Location: Braintree, England, UK
Genre: Electronica, Breakbeat, Industrial
Relased: June 30, 1997
Format Reviewed: FLAC
Feature: All-Time Favorites
By: Kris Kotlarik
Electronica music is something I’m not particularly fond of. I tend to call it “wankboxing,” otherwise known as “some idiot masturbating on a keyboard,” which is an admittedly ignorant stance. When I do like an electronica song/artist, it needs to make sense to me; it must be energetic (sorry, chillwave/ambient), yet coherent (and goodbye to dubstep, which originally earned the wankboxing moniker). Mindless nonsense also need not apply. If you like a mainstream artist that largely uses electronic elements and is basically described as a “club artist,” I probably hate that person.
So that narrows out a lot of electronic music for my picky mind. After all, I do prefer to hear humans playing human instruments. But there are some bands that got it right. Fatboy Slim nailed it on more than one occasion. Nine Inch Nails did it on a much more consistent basis. But for one album, The Prodigy put it all together. And that album is The Fat of the Land.*
For starters, the singles are spot-on; no three tracks better represent this album than the classic and infamous “Smack My Bitch Up,” as well as “Firestarter” and my personal favorite, “Breathe.” All three do a unique job of capturing the kind of energy that I look for in an electronic track, but “Breathe” is something special. Theoretically, the beauty behind electronic music lies in the ability to create a mix that otherwise can’t be created using other means. The mix to “Breathe” is particularly memorable, with different sounds bouncing to different channels throughout to keep an already-interesting song even more attractive to the ear. Especially of note is the chill-inducing breakdown towards the end. “Smack My Bitch Up” also has a memorable breakdown with some enchanting yet haunting female vocals, while “Firestarter” is just…fun. Ridiculously fun.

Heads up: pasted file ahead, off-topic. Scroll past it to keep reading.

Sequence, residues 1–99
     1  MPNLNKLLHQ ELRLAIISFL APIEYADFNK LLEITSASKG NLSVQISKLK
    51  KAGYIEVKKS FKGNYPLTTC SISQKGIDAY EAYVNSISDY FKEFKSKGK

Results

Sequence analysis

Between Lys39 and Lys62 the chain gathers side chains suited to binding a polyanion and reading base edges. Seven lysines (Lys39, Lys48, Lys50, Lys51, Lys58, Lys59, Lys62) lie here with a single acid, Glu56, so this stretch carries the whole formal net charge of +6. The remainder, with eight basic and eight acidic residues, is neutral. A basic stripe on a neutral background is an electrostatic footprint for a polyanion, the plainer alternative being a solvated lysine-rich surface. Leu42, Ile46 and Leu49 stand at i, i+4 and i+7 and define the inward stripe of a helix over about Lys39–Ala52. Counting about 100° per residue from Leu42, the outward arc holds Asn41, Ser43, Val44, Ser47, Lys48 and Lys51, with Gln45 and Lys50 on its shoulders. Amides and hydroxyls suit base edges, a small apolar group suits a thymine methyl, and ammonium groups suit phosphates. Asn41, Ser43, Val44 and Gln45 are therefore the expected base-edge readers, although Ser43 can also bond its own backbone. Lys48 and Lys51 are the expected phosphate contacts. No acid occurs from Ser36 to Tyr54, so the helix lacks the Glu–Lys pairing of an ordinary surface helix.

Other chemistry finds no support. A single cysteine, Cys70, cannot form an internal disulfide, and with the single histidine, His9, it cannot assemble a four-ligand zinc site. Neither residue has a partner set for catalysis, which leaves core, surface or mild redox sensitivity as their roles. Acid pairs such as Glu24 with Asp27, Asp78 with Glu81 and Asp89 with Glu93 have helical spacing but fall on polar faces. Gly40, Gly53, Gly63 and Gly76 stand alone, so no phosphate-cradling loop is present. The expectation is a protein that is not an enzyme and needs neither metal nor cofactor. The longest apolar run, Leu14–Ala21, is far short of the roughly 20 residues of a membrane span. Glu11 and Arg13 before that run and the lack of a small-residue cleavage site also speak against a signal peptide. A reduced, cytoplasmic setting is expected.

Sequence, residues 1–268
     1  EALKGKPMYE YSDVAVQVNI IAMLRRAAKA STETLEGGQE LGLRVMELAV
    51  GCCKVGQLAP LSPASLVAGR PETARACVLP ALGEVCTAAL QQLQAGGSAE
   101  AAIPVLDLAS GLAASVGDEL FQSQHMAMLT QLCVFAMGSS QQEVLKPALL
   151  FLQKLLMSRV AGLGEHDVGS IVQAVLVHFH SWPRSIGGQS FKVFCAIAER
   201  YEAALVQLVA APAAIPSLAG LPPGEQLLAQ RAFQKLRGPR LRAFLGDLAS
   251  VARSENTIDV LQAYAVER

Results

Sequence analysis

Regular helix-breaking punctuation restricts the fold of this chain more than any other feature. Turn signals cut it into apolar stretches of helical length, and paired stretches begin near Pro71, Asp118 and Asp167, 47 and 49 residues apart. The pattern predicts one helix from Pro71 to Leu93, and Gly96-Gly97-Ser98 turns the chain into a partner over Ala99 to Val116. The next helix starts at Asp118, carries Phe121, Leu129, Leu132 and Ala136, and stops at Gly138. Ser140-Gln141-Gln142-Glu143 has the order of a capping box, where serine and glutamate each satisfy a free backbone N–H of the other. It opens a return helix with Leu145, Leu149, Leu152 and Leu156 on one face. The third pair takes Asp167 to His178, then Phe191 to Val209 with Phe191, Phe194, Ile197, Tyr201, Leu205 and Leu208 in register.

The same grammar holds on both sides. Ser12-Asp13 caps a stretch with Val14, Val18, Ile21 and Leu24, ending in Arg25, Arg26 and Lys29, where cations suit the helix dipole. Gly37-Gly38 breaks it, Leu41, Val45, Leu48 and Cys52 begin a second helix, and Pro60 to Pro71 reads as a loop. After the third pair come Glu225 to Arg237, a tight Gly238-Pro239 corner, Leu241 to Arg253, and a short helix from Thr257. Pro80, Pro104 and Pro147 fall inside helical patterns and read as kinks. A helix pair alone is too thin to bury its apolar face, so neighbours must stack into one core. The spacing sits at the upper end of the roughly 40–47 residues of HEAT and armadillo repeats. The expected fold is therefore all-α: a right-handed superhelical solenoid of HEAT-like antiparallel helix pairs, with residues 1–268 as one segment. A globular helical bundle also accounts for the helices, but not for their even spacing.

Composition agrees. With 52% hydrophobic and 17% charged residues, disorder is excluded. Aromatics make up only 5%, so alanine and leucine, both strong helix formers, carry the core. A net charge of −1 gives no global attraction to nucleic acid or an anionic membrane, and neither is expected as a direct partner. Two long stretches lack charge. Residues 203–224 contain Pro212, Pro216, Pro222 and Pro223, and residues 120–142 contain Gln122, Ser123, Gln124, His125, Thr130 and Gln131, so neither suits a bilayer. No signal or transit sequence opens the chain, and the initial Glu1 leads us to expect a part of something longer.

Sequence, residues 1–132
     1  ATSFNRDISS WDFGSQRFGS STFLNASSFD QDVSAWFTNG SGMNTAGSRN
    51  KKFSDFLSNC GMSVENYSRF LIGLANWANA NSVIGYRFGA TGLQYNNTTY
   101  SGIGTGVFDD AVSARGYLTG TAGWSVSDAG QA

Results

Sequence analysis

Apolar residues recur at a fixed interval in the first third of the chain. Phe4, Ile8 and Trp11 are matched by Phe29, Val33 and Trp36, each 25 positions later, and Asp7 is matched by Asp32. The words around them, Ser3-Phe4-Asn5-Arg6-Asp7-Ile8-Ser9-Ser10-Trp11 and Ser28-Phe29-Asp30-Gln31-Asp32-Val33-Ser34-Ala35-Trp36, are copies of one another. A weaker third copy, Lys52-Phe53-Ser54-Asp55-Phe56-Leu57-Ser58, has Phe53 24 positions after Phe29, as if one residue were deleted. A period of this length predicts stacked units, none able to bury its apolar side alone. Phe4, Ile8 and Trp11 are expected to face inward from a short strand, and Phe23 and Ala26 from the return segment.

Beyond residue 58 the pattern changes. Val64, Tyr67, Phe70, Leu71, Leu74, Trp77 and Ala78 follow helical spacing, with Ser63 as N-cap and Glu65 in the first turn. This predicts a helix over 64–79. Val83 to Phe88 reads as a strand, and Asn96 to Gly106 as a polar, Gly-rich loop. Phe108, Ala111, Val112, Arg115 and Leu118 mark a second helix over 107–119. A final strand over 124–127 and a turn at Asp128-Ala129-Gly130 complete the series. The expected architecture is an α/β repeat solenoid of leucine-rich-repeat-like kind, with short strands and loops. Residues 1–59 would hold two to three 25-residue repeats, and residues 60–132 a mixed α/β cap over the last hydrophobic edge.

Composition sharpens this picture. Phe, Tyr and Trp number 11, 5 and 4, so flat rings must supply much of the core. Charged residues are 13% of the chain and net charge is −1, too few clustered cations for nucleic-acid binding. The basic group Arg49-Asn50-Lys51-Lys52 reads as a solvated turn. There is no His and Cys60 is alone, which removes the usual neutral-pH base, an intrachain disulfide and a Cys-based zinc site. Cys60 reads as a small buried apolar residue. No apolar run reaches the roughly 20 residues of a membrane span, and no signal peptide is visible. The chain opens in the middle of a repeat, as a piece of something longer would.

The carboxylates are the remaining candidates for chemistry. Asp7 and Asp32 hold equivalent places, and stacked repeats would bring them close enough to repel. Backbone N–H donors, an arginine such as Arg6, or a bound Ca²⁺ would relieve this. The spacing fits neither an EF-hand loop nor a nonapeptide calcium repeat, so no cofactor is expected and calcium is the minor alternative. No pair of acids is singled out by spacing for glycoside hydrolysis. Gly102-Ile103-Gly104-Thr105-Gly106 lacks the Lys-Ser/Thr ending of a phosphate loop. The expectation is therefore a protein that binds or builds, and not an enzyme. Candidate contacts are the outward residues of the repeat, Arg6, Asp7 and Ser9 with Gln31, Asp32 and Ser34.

If you’re looking for a full breakdown, you won’t find it here; in short, this simply does it for me. It’s technically sound and sonically pleasing to the ear, perhaps in large part due to its hip hop influences, as seen on “Diesel Power” and “Serial Thrilla.” There’s also the psychedelic trip of “Mindfields” and “Narayan.” The lyrics here are nothing to write home about, but that’s not really the point. The replay value on this thing is almost off the charts because of how fun this is. And while there is a lot of sampling here, it is tastefully done, unlike the numerous and onerous ripoffs we find ourselves facing in modern times.
Overall: If anyone knows of more electronic music like this, come find me.
*I’m also planning on doing a review of their newest album, The Day Is My Enemy. We’ll see how that works out for me.